She and a friend were asking directions from a guy who seemed to be something of an impromptu trail ambassador when I walked up. We were standing at about the midpoint of the 4.25-mile Glencoe section of the Haw River Trail, just downstream of the NC 62 bridge. Although an hour didn’t seem like that far to drive for a hike, it did occur to me that it might seem far on a day when the temperature and the humidity were both in the low 90s.
“Have you been here before?” the trail ambassador asked?
“Oh, yes,” I said. “In more hospitable weather.”
The Haw River Trail is a 70-mile work-in-progress that will eventually link two state parks: Haw River State Park to the north with Jordan Lake State Recreation Area to the south. About half of the trail will be part of the statewide Mountains-to-Sea Trail.
At present, less than 20 miles of the Haw River Trail exists. One of the longest stretches is the Glencoe section, which runs from (and along) the Indian Valley Golf Course downstream to the Stoney Creek Marina. It’s an entertaining stretch, for several reasons:
Part of it is on a golf course. On the north end, the trail traces at least three fairways of the Indian Valley Golf Course. (Please observe golf course hiking etiquette, including: speaking in hushed tones when play is in progress and standing still when a player is putting. Also: There is icy cold water at the No. 5 tee box.)
In the gentrifying mill town of Glencoe, the trail does a horseshoe up Hodges Road and back down Glencoe Street, giving you the opportunity to check out the revived mill homes.
Also in Glencoe, the trail passes the Textile Heritage Museum, fascinating look at the local and statewide textile industry. A great diversion that’s free. Hours are limited, though: 1-4 p.m. Saturdays and Sundays.
Just over a mile downstream from Glencoe is the old and abandoned Carolina Mill.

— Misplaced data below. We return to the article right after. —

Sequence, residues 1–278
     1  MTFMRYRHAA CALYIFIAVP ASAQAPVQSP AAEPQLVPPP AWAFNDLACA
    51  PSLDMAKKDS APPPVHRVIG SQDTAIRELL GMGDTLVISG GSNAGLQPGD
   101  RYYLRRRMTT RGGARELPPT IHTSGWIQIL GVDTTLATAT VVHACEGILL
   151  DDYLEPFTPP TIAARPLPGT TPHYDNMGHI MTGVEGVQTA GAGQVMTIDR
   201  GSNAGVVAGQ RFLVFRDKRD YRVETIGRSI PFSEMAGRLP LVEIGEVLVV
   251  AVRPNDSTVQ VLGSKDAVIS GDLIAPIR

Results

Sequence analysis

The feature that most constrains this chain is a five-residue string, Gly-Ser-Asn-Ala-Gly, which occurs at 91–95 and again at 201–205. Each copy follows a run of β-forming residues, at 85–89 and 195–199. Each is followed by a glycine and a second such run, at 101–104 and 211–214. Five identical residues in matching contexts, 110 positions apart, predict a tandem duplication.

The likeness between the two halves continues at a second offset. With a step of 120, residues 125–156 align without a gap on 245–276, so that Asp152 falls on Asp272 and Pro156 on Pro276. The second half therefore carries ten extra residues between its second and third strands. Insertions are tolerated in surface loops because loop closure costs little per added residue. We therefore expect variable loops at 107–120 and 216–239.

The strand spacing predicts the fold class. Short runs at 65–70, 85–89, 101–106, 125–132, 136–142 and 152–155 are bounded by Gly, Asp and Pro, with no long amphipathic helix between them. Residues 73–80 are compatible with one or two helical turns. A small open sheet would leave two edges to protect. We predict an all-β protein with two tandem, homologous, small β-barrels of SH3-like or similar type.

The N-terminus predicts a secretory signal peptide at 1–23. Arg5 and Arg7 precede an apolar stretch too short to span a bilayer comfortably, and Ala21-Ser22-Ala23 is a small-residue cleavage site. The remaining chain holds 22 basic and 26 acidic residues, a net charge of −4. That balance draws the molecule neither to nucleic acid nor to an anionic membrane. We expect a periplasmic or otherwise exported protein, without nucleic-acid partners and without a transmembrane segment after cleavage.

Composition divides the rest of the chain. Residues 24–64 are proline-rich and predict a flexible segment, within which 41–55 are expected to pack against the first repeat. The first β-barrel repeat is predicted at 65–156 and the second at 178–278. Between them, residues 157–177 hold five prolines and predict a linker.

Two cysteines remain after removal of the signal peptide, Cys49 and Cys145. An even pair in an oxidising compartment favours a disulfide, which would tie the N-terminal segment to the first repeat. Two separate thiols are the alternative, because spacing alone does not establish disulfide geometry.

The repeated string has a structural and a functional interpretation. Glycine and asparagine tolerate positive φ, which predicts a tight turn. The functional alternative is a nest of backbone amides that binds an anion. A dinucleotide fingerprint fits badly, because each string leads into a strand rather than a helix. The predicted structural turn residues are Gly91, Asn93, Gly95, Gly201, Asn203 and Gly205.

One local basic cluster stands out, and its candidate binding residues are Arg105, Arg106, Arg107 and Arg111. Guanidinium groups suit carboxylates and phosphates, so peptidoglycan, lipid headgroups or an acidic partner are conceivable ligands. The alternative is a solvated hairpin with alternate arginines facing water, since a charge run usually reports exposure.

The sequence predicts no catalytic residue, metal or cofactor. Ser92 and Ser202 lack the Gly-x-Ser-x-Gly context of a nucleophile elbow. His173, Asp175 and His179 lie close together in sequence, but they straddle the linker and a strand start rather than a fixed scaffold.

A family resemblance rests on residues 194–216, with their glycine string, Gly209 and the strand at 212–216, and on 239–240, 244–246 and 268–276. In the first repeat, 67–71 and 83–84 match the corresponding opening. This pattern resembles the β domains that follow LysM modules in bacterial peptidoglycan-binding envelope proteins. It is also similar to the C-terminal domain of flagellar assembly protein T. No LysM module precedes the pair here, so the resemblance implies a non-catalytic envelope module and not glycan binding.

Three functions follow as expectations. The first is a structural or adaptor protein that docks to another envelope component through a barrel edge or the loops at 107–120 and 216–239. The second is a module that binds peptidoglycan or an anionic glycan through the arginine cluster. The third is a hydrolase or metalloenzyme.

Just beyond that, the trail departs from the dense jungle along the Haw and quickly climbs into a drier oak/hickory forest typical of the Piedmont.
Stoney Creek Marina.
I would not recommend this stretch of trail in 90/90 weather. Even a stout breeze has trouble penetrating the dense foliage along the trail and the occasional stretches of open trail can be broiling.
I would, however, recommend it for more civil weather, such as the weekend ahead, when temperatures are expected to cool into the 80s. I recommend starting mid-trail in Glencoe (you can pick up a trail map at the paddle access at River Road and NC 62), doing an out-and-back (upstream to the golf course, downstream to the marina), then checking out the museum.
A good outing for kids, btw: The trail offers a jungle escape, the textile museum has toys circa grandma & grandpa.read more
Monday — never an easy time for the outdoors enthusiast. After a weekend of adventure, returning to the humdrum work-a-day world can make one melancholy. To help ease the transition, every Monday we feature a 90 Second Escape — essentially, a 90-second video of a place you’d probably rather be: a trail, a park, a greenway, a lake … anywhere as long as it’s not under a fluorescent bulb.read more